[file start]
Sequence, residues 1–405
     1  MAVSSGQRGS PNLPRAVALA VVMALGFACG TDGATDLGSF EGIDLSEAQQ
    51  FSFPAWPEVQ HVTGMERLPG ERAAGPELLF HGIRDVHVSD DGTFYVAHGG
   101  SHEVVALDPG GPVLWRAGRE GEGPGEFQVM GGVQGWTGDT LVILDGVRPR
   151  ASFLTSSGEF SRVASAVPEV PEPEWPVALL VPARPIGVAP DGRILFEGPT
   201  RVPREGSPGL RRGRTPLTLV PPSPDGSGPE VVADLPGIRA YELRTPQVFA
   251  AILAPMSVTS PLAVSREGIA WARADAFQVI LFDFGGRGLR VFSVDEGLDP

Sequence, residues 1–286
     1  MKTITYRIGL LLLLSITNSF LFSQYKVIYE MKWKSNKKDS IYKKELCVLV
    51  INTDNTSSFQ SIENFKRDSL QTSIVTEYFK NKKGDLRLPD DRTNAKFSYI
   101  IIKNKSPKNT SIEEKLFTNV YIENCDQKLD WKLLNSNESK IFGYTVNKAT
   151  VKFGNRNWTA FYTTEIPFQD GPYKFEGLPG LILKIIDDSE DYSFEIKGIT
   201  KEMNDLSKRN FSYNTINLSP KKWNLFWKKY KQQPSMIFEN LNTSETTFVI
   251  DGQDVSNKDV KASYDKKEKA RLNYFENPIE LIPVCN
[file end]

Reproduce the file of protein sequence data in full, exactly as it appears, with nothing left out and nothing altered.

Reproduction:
Sequence, residues 1–405
     1  MAVSSGQRGS PNLPRAVALA VVMALGFACG TDGATDLGSF EGIDLSEAQQ
    51  FSFPAWPEVQ HVTGMERLPG ERAAGPELLF HGIRDVHVSD DGTFYVAHGG
   101  SHEVVALDPG GPVLWRAGRE GEGPGEFQVM GGVQGWTGDT LVILDGVRPR
   151  ASFLTSSGEF SRVASAVPEV PEPEWPVALL VPARPIGVAP DGRILFEGPT
   201  RVPREGSPGL RRGRTPLTLV PPSPDGSGPE VVADLPGIRA YELRTPQVFA
   251  AILAPMSVTS PLAVSREGIA WARADAFQVI LFDFGGRGLR VFSVDEGLDP

Sequence, residues 1–286
     1  MKTITYRIGL LLLLSITNSF LFSQYKVIYE MKWKSNKKDS IYKKELCVLV
    51  INTDNTSSFQ SIENFKRDSL QTSIVTEYFK NKKGDLRLPD DRTNAKFSYI
   101  IIKNKSPKNT SIEEKLFTNV YIENCDQKLD WKLLNSNESK IFGYTVNKAT
   151  VKFGNRNWTA FYTTEIPFQD GPYKFEGLPG LILKIIDDSE DYSFEIKGIT
   201  KEMNDLSKRN FSYNTINLSP KKWNLFWKKY KQQPSMIFEN LNTSETTFVI
   251  DGQDVSNKDV KASYDKKEKA RLNYFENPIE LIPVCN